2. Mathematical Modeling

We aspire to analyze the double stratified mixed convective flow of a couple stress nanofluid past an inclined stretching cylinder using the Cattaneo-Christov heat flux model. The flow is produced because of an inclined cylinder. It is assumed that the flow is two-dimensional, steady, and laminar, has a nonslip boundary, and is incompressible. The angle between the stretching cylinder and the vertical axis (x-axis) is [alpha]. The flow velocity components x and r are assumed perpendicular to each other as shown in Figure 1. Based on these assumptions and the boundary layer approximation theory, the governing equations are written as follows:

[partial derivative]/[partial derivative]x + [partial derivative] (rv)/[partial derivative]x = 0, (1)

[mathematical expression not reproducible], (2)

[mathematical expression not reproducible], (3)

[mathematical expression not reproducible], (4)

The related boundary conditions are given as follows:

[mathematical expression not reproducible], (5)

where g, [[beta].sub.C], [[beta].sub.T], and a are gravity, coefficient of concentration expansion, coefficient of thermal expansion, and inclination of the cylinder with x-axis, respectively. Moreover, [T.sub.W] (x) denotes the prescribed surface temperature, [C.sub.W] (x) denotes the prescribed surface concentration, [T.sub.[infinty]](x) denotes the variable ambient temperature, [C.sub.[infinity]](x) denotes the variable ambient concentration, [T.sub.0] denotes the reference temperature, [C.sub.0] denotes the reference concentration, [U.sub.0] denotes the free stream velocity, and L denotes the reference length.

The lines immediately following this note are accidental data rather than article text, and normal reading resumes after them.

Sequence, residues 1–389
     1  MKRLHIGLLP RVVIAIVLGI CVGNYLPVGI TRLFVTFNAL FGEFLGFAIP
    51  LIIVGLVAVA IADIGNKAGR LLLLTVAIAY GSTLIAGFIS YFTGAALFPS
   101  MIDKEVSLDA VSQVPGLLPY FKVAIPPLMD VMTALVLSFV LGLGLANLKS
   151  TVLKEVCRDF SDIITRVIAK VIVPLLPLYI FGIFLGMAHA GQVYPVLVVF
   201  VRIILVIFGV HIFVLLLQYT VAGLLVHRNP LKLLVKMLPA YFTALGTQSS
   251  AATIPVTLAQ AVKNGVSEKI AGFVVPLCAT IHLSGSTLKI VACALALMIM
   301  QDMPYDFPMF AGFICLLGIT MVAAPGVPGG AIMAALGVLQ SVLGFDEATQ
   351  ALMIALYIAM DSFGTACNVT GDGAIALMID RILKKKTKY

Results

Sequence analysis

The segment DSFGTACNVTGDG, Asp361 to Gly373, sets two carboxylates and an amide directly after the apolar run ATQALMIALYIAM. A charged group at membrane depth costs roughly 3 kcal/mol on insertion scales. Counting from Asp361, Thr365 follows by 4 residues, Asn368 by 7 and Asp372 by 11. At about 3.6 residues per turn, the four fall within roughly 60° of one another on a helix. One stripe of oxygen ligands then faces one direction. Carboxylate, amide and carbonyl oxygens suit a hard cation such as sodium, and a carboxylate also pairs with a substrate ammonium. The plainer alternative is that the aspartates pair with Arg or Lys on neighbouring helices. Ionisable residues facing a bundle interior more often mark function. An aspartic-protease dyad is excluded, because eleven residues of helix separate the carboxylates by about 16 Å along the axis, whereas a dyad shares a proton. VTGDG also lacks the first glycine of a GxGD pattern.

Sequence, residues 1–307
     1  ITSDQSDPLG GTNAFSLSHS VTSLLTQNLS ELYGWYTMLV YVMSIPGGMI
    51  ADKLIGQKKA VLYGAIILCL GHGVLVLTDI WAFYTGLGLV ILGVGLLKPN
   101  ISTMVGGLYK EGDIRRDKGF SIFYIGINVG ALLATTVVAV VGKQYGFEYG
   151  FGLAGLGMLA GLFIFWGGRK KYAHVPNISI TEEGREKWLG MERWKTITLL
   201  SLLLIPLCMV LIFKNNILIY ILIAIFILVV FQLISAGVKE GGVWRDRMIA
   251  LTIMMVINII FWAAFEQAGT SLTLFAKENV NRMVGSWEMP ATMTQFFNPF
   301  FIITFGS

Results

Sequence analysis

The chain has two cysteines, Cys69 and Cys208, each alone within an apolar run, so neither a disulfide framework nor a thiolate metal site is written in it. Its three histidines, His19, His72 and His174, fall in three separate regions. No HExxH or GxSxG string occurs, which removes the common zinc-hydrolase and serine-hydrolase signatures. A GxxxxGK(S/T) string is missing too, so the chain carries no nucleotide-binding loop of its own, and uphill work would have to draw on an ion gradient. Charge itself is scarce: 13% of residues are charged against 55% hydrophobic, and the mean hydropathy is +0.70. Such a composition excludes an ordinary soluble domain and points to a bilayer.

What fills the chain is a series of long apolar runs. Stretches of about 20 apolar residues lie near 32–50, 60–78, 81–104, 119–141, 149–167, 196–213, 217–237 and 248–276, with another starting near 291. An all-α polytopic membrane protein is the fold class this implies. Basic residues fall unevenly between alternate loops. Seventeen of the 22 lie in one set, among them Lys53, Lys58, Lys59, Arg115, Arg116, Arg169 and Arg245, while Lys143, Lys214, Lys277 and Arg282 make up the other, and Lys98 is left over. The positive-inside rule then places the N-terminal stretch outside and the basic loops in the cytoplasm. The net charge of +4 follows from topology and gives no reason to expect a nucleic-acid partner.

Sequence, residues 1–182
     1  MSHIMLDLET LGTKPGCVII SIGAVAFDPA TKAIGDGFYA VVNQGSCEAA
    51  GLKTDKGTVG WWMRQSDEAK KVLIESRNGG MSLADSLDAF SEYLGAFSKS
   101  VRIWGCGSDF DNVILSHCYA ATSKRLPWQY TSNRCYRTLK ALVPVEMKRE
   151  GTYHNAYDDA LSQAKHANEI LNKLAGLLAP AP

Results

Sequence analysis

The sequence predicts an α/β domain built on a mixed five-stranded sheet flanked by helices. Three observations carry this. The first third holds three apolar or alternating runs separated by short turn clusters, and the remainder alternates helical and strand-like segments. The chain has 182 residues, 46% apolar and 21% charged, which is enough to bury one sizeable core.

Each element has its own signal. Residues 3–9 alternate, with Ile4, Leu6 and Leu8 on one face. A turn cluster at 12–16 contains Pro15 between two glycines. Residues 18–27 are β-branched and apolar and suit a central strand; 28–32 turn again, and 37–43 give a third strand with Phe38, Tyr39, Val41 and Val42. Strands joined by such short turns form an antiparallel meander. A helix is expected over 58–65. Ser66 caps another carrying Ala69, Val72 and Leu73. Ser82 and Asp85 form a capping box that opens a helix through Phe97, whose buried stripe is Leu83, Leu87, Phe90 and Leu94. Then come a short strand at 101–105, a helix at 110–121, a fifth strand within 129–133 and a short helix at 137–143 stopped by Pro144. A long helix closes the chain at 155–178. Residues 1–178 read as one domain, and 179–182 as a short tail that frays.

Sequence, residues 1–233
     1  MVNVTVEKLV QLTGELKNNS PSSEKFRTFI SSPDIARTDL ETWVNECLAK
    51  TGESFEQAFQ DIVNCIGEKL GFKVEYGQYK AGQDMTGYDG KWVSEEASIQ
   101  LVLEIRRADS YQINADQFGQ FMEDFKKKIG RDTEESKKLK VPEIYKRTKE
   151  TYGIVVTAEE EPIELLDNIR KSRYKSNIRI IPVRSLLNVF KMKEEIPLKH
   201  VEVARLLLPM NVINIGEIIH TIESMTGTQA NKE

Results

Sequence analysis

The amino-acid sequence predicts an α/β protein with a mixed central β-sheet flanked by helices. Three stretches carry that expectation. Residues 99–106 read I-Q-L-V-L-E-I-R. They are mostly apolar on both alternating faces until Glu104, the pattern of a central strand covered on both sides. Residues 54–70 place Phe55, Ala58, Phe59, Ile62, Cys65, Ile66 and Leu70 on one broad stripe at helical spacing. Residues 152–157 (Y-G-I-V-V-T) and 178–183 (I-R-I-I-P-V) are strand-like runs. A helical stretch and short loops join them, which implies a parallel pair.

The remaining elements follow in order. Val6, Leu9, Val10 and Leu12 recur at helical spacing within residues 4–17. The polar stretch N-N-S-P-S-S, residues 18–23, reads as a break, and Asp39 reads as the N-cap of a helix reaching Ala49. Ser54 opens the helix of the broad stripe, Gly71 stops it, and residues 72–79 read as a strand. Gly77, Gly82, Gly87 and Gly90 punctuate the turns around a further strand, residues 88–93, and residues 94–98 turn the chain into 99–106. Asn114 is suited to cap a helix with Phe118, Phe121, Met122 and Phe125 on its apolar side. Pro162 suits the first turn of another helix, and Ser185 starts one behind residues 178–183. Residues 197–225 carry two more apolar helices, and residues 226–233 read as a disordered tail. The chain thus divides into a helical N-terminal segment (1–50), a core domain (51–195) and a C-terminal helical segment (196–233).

The stream function [psi] which identically satisfies the continuity equation (1) can be defined as

u = 1/r ([partial derivative][psi]/[partial derivative]r]), v = -1/r ([partial derivative][psi]/[partial derivative]r). (6)

The nonlinear partial differential equations (1)-(4) with the associated boundary condition in equation (6) can be reduced to the equivalent nonlinear ordinary differential equations using the following similarity transformations:

[mathematical expression not reproducible]. (7)

Equations (6) and (7) are combined to produce the following associated ordinary differential equations governing the boundary layer flow:

[mathematical expression not reproducible], (8)

[mathematical expression not reproducible], (9)

[mathematical expression not reproducible], (10)

with the following appropriate boundary conditions:

[mathematical expression not reproducible]. (11)

The dimensionless numbers involved in equations (8) and (9) are

[mathematical expression not reproducible]. (12)

In respective order, the dimensionless parameters in equation (12) represent the curvature parameter, couple stress parameter, Reynolds number, Prandtl number, Schmidt number, thermal stratification parameter, solutal stratification parameter, Brownian diffusion parameter, thermophoresis parameter, Grashof number due to temperature, Grashof number due to concentration, mixed convection parameter, ratio of concentration to thermal buoyancy forces, relaxation time of heat, and mass flux.

The engineering physical quantities of interest in this study are the local skin friction coefficient, local Nusselt number, and local Sherwood number defined as follows:

[mathematical expression not reproducible], (13)

with

[mathematical expression not reproducible]. (14)

3. Numerical Solution